Comment: Gatsby - a modern, pragmatic vision of the world in which we live
Guest writer Mariana Ganea finds the similarities between the 30s as depicted in the new Great Gatsby movie, and today's realities, and tries to understand the new movie experience after falling in love with the 70s cinema version of F Scott Fitzgerald’s novel.
As many people around the world I impatiently waited the opening of the new version of The Great Gatsby. Finally I watched it and I should recognize that is very difficult to decide if it really deserves or not to spend almost two hours in a cinema hall. I should confess as watching a re-make after one of my dearest novels, and as the 70s movie fascinated me years ago, watching it wasn’t a very comfortable thing. Why?
Firstly, because I had read a few times F Scott Fitzgerald’s novel, as a young girl with head full of romance, who had, like so many others, fallen in love a little with Gatsby and, after years as a mature woman trying to understand more the complexity of human feelings and relations. Reading the book on which the movie script is based might lead us to our own, personal scenario and, if the director had another vision - which is normal and usually happens- then us, as simple viewers can be disappointed thinking we've been somehow betrayed.
Secondly, because of the 70s movie that I have watched many times and which is a little treasure of my home movie library. In my imagination Gatsby was Robert Redford and I couldn’t see another artist performing this so controversial character.
So, being aware by all these personal barriers I tried to open my mind and my heart for a new cinematographic experience, which led me to my dilemma “was it really worth watching this movie ?”
From an artistic, visual perspective, the movie is wonderful. Prada’s costumes, make-up and hair, the landscapes, all mise en scene is monumental in the Hollywood style of the ’30s. Actually, it went a bit overboard with lights and sparkling, which became a bit tiring.
The music I found very adequate to the all contemporary mise en scene, but, the modern arrangement with hints of disco and rap music cannot be accepted by the “traditional, conservative” spectators. It is matter of taste.
The actors; performances were in my opinion the most questionable aspect, because I really couldn’t understand if they (especially DiCaprio) were intentionally over-compensating to avoid the previous performances (Redford, Farrow) or were only responding to the director’s (Baz Lurhman) instructions and/or vision. I saw a few tries to copy especially Redford’s movements and attitude, but the result wasn’t very good, I think. I didn’t feel that endless love, that madness, passion and insanity that Gatsby had in Fitzgerald’s novel or that quiet, smooth but deep love in Redford’s Gatsby. Actually a special remark is needed: Tobey Maguire’s excellent artistic performance in the Nick Carraway role. Anyway, I felt as though the center of this movie moved more from Gatsby to Carraway, but it can only be my feeling. The manner in which the director chose to make Carraway tell the story....writing it as result of his psychologist’s advice. Very interesting!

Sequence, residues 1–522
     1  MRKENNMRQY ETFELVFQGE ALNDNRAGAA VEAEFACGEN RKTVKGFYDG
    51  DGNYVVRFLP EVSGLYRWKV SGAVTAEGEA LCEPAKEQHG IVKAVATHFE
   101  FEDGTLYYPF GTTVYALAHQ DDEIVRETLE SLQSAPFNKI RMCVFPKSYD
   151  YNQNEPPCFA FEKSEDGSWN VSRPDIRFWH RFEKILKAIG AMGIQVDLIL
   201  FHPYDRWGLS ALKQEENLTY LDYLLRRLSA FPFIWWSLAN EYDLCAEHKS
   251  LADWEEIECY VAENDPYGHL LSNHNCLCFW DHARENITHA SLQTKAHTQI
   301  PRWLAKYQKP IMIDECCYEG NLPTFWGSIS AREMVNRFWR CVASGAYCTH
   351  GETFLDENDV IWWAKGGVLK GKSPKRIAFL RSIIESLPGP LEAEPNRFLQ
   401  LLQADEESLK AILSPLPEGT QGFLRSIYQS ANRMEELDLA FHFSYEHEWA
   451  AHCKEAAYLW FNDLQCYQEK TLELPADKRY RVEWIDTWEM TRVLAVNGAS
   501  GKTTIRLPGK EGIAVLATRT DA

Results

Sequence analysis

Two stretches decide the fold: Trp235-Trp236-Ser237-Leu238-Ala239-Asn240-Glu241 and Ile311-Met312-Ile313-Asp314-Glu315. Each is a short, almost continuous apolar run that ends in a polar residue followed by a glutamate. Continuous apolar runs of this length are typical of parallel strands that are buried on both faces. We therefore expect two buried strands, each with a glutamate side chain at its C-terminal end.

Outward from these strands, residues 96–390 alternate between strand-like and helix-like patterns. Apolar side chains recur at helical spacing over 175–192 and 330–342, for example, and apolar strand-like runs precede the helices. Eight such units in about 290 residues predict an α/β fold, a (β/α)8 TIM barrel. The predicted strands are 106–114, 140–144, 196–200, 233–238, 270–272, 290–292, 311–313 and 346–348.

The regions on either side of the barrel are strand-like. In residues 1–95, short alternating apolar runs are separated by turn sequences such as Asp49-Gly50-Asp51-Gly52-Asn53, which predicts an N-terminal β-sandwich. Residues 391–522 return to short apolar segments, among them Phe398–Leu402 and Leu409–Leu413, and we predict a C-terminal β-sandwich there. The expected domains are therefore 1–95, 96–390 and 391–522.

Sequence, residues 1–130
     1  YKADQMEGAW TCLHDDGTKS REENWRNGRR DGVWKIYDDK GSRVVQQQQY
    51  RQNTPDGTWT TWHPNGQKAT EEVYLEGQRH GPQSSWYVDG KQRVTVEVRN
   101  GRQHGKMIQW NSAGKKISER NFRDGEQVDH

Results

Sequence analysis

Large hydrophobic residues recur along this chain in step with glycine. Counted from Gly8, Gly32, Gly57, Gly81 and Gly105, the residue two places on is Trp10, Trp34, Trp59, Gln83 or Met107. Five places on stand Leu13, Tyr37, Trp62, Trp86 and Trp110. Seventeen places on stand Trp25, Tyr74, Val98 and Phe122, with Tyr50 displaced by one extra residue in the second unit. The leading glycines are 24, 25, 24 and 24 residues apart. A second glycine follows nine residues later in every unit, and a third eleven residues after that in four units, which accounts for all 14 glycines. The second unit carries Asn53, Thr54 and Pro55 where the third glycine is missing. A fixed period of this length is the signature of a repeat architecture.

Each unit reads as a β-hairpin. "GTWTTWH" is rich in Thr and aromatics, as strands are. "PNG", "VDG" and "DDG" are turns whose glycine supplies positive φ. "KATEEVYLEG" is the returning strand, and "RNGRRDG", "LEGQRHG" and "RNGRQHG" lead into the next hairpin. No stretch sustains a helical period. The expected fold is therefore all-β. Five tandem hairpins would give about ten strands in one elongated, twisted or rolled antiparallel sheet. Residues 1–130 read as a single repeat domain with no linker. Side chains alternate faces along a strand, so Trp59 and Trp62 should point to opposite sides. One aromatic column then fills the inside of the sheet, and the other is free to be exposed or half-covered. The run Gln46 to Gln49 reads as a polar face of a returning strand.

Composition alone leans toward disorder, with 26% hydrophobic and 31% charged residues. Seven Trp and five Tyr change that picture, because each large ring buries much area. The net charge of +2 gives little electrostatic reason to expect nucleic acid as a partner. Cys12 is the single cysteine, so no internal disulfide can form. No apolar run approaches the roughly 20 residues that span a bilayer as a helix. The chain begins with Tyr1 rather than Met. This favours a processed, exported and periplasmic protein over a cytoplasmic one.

The 3D format of the movie gave me a strange feeling, more appropriate, I believe, for science fiction than a classical novel. I couldn’t understand the director’s decision to go 3D, as it didn’t add anything to Fitzgerald’s story. A love story in 3D? Good question!
However, what interested me most was the almost perfect correlation between the movie world and our present world. If we take into account the historical period of Fitzgerald’s novel – after World War I – and our times, we can find so many things in common.
What present truths can we find in this movie? A world dominated by money and power relations that worships the “money God”. A superficial world based on “sparkling”, a world of false icons set as value criteria. Colossal assets made by avoiding the law in the most profitable way possible, those fields that mostly work with human weakness: drinks, drugs, money transactions. A high life, as a mix between newly rich people, bankers, politicians, blonde facile actresses, sportsmen. A world full of men and women who like to show off their wealth and revel in their scandalous private lives. Women reduced to dolls, who acquiesce in the situation for money and a high social status. A lack of any honest normal friendship (excepting Carraway's genuine friendship for Gastby) and/or love affairs.
Briefly....a mad, mad, mad world!
By Mariana Ganea, guest writer